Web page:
a better method."
As for the environmentalists'
charge that the Fish and Wildlife Service is rushing to get the
bear off the endangered species list, Servheen says the recovery
plan does not delist the bear. The agency has begun the delisting
process only in the Northern Continental Divide recovery zone,
which includes Glacier National Park, but the process will take
many years, he says.
trying to get the bear back on its feet, but we will never be able
to walk away," Servheen says. "Every human action will have to be
seriously considered as to its effect on bears."
But critics say the agency hasn't been vigilant
enough in stopping human activities in grizzly bear habitat, and
that the recovery plan will do little to change
Servheen says the recovery plan is not
supposed to specify how grizzly habitat should be managed. Grizzly
bear guidelines and interagency consultation with the Fish and
Wildlife Service protect bear habitat on a forest-by-forest
Earlier this month, he notes, the Fish
and Wildlife Service pressured the Forest Service into closing and
obliterating 430 miles of road and reducing timber sales by 15
million board-feet on Idaho's Targhee National
But the Forest Service didn't consult
with the Fish and Wildlife Service over the management of the
Targhee until after they were sued by 11 environmental
organizations, says Louisa Willcox, program director for the
Greater Yellowstone Coalition.
The Targhee shows
that habitat must be protected through the recovery plan, not just
individual forest plans, she adds. More than 54 square miles of
bear habitat in the Targhee was clearcut in the 1980s because the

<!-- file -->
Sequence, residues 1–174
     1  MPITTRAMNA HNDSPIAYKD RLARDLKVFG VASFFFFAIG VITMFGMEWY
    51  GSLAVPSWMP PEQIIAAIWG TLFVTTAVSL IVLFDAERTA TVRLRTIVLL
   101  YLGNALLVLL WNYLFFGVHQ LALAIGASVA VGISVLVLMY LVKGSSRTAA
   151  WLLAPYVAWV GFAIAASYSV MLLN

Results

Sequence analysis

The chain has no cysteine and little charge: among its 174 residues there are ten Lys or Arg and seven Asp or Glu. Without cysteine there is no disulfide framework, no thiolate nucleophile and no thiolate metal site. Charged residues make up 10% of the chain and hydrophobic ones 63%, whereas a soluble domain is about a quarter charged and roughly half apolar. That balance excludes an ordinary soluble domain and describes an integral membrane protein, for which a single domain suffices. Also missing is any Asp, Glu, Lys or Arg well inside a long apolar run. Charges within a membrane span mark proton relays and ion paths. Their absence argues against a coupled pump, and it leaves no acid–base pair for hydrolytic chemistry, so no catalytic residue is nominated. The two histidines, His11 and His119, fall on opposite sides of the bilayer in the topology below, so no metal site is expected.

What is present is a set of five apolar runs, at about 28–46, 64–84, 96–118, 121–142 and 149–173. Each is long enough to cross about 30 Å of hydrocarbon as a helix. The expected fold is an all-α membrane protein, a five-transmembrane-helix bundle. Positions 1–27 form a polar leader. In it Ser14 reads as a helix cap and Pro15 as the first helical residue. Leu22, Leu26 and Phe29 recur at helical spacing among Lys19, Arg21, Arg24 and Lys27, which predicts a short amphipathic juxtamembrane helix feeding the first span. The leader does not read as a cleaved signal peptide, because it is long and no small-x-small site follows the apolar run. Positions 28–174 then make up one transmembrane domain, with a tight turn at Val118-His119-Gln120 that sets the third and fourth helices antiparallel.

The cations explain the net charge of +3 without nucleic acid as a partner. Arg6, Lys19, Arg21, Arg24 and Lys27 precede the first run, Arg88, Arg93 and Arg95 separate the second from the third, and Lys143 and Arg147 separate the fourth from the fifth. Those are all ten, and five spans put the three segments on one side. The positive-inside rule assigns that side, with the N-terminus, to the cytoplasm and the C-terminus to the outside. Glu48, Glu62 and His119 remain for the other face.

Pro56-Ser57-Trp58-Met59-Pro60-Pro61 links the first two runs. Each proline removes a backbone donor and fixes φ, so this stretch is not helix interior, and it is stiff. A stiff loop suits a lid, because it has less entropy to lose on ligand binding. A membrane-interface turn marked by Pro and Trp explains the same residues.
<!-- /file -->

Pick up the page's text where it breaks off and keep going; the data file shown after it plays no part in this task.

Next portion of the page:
1981 recovery plan lacked any specific protection measures, she
Environmentalists say that the new plan
also allows logging and development to cut off potential
bear-migration routes between recovery zones.
While it would be ideal to set up corridors linking the recovery
zones, Servheen says, bears don't seem to move between zones now.
The recovery plan calls for a five-year study to examine the
possibility of establishing corridors, and the Fish and Wildife
Service has asked other agencies to minimize development in these
areas during the study.
That's not enough, says
Dave Gaillard, bear coordinator for the Greater Yellowstone
Coalition. "We're in a situation where (the Fish and Wildlife
Service) could review the habitat and lose it at the same time."
Not all environmental groups think the plan
does more harm than good. Representatives from the National
Wildlife Federation, Defenders of Wildlife, Wyoming Wildlife
Federation and others wrote a short letter to Babbitt and Beattie
on Feb. 1, asking the Fish and Wildlife Service to aggressively
implement the plan.
Two strong improvements in
the current plan over the 1981 version, the letter says, are the
reintroduction of Canadian grizzlies into the Bitterroot-Selway
recovery zone, and habitat restoration in the North Cascades
For more information about the lawsuit,
contact D.J. Schubert, the Fund for Animals, 850 Sligo Ave., Suite
300, Silver Spring, MD 20910 (301/585-2591). For information about
the recovery plan, contact Chris Servheen, USFWS, NS312, University
of Montana, Missoula, MT 59821 (406/329-3223).
" Bryan Foster, HCN
Craig Welch, a
reporter with the Jackson Hole Guide, contributed to this